Wellington City Council is defending its tight time frame for getting urgent seismic tests done on 80 buildings in the city.
The 80 were told in December to do the job, because of the Kaikōura earthquake, and were given just eight weeks to complete it.
The deadline was 5pm yesterday.
There were complaints at the time, and again this week, that the period allowed was not long enough for the work to be done.
In the end, 18 failed to complete the task within the deadline, and won extensions of time.
A shortage of engineers to do the work got the blame.
But the chief resilience officer for Wellington City Council, Mike Mendonca, has defended his time frame.
"We are comfortable with it, those extensions are for seven or 14 days," he said.
"We had to make a balance between putting pressure on the building owners and the engineers, and public safety, so we made an aggressive time frame and we are comfortable with that."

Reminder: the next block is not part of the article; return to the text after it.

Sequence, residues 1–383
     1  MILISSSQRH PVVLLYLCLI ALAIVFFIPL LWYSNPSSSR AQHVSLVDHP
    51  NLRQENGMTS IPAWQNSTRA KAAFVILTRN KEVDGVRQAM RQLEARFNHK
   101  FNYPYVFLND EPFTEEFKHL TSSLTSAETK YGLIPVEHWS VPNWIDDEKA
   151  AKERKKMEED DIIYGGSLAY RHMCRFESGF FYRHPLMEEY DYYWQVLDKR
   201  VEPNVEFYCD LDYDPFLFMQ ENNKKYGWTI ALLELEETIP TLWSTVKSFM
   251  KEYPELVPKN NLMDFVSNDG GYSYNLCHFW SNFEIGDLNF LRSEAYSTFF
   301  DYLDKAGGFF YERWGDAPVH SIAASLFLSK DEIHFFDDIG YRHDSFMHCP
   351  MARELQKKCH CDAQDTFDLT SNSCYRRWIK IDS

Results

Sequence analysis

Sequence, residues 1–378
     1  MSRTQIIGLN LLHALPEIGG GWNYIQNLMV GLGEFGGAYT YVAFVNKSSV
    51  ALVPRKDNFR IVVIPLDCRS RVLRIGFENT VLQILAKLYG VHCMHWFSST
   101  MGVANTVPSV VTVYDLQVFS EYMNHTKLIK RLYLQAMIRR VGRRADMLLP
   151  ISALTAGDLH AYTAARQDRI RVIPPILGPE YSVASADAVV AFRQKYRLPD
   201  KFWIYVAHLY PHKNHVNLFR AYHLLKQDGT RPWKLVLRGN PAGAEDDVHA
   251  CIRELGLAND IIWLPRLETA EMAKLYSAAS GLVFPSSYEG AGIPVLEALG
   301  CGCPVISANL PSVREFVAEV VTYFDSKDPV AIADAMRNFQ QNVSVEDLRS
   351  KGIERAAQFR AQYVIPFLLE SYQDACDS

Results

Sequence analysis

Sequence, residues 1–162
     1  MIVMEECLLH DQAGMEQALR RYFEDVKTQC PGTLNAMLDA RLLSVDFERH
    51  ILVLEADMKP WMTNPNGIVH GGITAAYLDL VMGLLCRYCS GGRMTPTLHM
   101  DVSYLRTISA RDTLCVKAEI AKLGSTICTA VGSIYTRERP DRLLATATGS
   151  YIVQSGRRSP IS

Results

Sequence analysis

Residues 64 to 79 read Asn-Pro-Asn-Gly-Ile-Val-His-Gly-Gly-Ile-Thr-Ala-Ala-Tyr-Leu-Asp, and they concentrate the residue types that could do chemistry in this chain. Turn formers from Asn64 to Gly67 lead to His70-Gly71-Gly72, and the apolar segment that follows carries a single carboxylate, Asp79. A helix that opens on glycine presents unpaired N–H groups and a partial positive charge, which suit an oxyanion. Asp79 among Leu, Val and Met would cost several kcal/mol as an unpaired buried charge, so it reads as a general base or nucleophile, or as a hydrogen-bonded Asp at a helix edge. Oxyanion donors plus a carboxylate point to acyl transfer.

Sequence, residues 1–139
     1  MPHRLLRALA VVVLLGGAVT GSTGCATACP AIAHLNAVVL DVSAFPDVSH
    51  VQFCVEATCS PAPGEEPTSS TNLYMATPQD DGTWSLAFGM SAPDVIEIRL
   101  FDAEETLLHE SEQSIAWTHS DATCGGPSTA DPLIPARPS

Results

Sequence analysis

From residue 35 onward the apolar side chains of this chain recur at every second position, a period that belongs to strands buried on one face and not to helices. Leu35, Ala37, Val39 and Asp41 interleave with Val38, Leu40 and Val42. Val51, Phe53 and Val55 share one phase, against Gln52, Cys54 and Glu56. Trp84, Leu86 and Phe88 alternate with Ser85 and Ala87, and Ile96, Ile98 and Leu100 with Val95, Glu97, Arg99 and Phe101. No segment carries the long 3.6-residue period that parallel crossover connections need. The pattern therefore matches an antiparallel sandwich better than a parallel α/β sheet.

Mr Mendonca said as well as the shortage of engineers, the discovery of asbestos in some places caused delays.
He said there were now 54 reports in council hands to be dealt with.
Besides the 18 extensions, eight buildings were set aside because their problems were obvious, such as Statistics House.
Mr Mendonca expected to be able to tell the public more by Tuesday or Wednesday.
The companies that were granted extensions have not been named.
But property developer Maurice Clark confirmed his project at 143 Willis St was one of them.
He got an extra two weeks for the job to be finished.
The original list of 80 included well-known landmarks such as the Intercontinental Hotel and David Jones.
The demand for special assessments by the 80 building owners was one of just several requirements placed on Wellington building owners.
Another is the need to tie back parapets and unreinforced masonry within a year.
The council has also pledged to reduce the amount of time available for people to strengthen earthquake-prone buildings.